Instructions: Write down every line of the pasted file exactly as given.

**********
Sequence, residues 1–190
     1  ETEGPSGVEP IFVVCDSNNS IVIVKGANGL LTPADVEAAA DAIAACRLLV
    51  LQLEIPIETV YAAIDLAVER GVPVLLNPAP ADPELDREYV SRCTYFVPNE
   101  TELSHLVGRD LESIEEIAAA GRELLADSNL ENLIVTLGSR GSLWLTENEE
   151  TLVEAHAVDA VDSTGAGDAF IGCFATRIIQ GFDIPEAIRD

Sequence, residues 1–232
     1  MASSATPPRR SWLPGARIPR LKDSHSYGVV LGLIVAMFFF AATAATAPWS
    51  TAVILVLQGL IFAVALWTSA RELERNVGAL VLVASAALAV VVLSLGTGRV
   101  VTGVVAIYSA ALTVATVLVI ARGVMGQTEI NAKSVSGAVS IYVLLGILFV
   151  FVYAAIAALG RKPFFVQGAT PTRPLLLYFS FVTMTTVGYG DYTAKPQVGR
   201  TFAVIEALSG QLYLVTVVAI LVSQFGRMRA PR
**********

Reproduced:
Sequence, residues 1–190
     1  ETEGPSGVEP IFVVCDSNNS IVIVKGANGL LTPADVEAAA DAIAACRLLV
    51  LQLEIPIETV YAAIDLAVER GVPVLLNPAP ADPELDREYV SRCTYFVPNE
   101  TELSHLVGRD LESIEEIAAA GRELLADSNL ENLIVTLGSR GSLWLTENEE
   151  TLVEAHAVDA VDSTGAGDAF IGCFATRIIQ GFDIPEAIRD

Sequence, residues 1–232
     1  MASSATPPRR SWLPGARIPR LKDSHSYGVV LGLIVAMFFF AATAATAPWS
    51  TAVILVLQGL IFAVALWTSA RELERNVGAL VLVASAALAV VVLSLGTGRV
   101  VTGVVAIYSA ALTVATVLVI ARGVMGQTEI NAKSVSGAVS IYVLLGILFV
   151  FVYAAIAALG RKPFFVQGAT PTRPLLLYFS FVTMTTVGYG DYTAKPQVGR
   201  TFAVIEALSG QLYLVTVVAI LVSQFGRMRA PR